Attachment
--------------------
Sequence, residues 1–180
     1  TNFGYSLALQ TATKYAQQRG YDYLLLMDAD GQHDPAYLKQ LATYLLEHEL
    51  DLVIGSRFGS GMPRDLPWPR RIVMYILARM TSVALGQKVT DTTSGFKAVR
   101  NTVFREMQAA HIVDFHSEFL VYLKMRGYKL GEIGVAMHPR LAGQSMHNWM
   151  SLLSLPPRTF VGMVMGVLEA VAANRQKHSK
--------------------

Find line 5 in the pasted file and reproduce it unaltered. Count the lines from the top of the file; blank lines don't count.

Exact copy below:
   151  SLLSLPPRTF VGMVMGVLEA VAANRQKHSK